In the first of a limited series, Siobhan Fairgreaves talks about her experience of transitioning to remote working when she moved across the country with her military partner and how finding the Military Coworking Network helped to reassure her that this risk would pay off.
The ability to continue working and building a successful career whilst also being a military partner was a huge worry for me as I planned for a future where I would hopefully be able to live with my partner whose career would mean he had to move every two years.
I had always loved the idea of working from home and, having worked occasional freelance projects alongside full time office roles, I was confident I had the discipline to do so successfully. It helps that my career as a science writer is extremely portable- give me an internet connection and something to write on and I’m good to go. This was no accident, I’d already moved a lot before becoming a military partner and there is still plenty of world to see so it had always made sense to try and have a career I could pick up and go. The biggest problem I had to overcome was convincing my employer that this was the case and I could still be an excellent employee even if they couldn’t physically see me in the office.
I started the process by learning my rights. I found it easy to access the information on the government website and quickly learned that anyone who has been employed for at least 26 weeks is eligible to request flexible working, this includes remote working. Employers then have a legal responsibility to deal with requests in a “reasonable manner” and they have three months to make a decision. After discussing my intentions with my line manager, the next step for me was to put together a written application.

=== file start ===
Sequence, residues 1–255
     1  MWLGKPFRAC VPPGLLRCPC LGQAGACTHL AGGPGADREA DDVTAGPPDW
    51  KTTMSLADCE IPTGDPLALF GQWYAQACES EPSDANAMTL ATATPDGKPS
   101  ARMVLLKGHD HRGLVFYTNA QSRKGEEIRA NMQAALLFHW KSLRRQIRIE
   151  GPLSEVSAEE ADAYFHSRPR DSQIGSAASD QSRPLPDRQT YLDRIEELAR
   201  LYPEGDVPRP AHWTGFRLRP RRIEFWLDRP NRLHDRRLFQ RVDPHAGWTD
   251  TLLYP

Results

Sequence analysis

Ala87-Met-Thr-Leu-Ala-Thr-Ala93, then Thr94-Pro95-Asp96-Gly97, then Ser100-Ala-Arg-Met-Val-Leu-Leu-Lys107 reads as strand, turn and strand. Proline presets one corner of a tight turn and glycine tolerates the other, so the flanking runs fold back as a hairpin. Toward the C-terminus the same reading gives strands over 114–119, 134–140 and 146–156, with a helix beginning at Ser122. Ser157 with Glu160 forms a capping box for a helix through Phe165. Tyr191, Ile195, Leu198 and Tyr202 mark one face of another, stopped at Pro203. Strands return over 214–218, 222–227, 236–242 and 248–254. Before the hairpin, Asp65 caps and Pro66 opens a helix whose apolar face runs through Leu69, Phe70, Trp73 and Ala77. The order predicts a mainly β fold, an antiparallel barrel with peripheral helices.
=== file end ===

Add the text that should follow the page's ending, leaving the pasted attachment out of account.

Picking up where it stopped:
In my case, this application was a brief document which covered my working hours, agreed times to return to the office and whether I would need any additional support to carry out my role remotely. I completed the application in February 2020.
Just a few weeks later, lockdown hit the UK and our office staff all quickly transitioned to completely remote working. Though my application was technically redundant at that point I was keen to make sure it didn’t get forgotten completely. Nobody knew how long lockdown would last back then and I didn’t want to move house then find out I was expected back in the office every day. Luckily I was able to continue the conversations and had a 6 month remote working trial approved in May, with a review agreed for October 2020 before the trial ended.
I was delighted to be able to keep my job and keen to make sure I made the most of the opportunity when I moved to a new area but I didn’t know anybody else in my position at the time. Whilst looking for opportunities to network with other remote workers I stumbled across the Military Coworking Network. I couldn’t believe my eyes- a whole community of people in such similar situations seemed too good to be true. I quickly joined the Facebook group and from day 1 have found myself encouraged, inspired and supported by the incredible team that is the Military Coworking Network.
I moved house in July when restrictions allowed and, after a couple of days off to unpack, I was officially working from home! We are very lucky in our new home to have space I can use exclusively as an office and it has often been my favourite room in the house. It really feels like a symbol of my achievements so far and I’m proud that I have been able to continuing supporting the healthcare industry through my work whilst going through a lot of personal changes, and a global pandemic.
Of course, various homeworking restrictions and lockdowns across the UK have meant that my colleagues have also remained largely remote since March 2020. Though my efforts in securing a trial of remote working ended up largely unnecessary, I am grateful for the opportunity to learn more about employment rights and to connect with groups of other people who have been working remotely and growing their careers for many years.
I’m excited to see what the future holds and know that the amazing community of the Military Coworking Network will always be on hand for advice, support or to cheer me on when I need it. I hope that one advantage to come out of this devastating pandemic will be increased flexibility for more employees and a willingness to overcome geographical differences in order to continue career development.
Written by Siobhan Fairgreaves.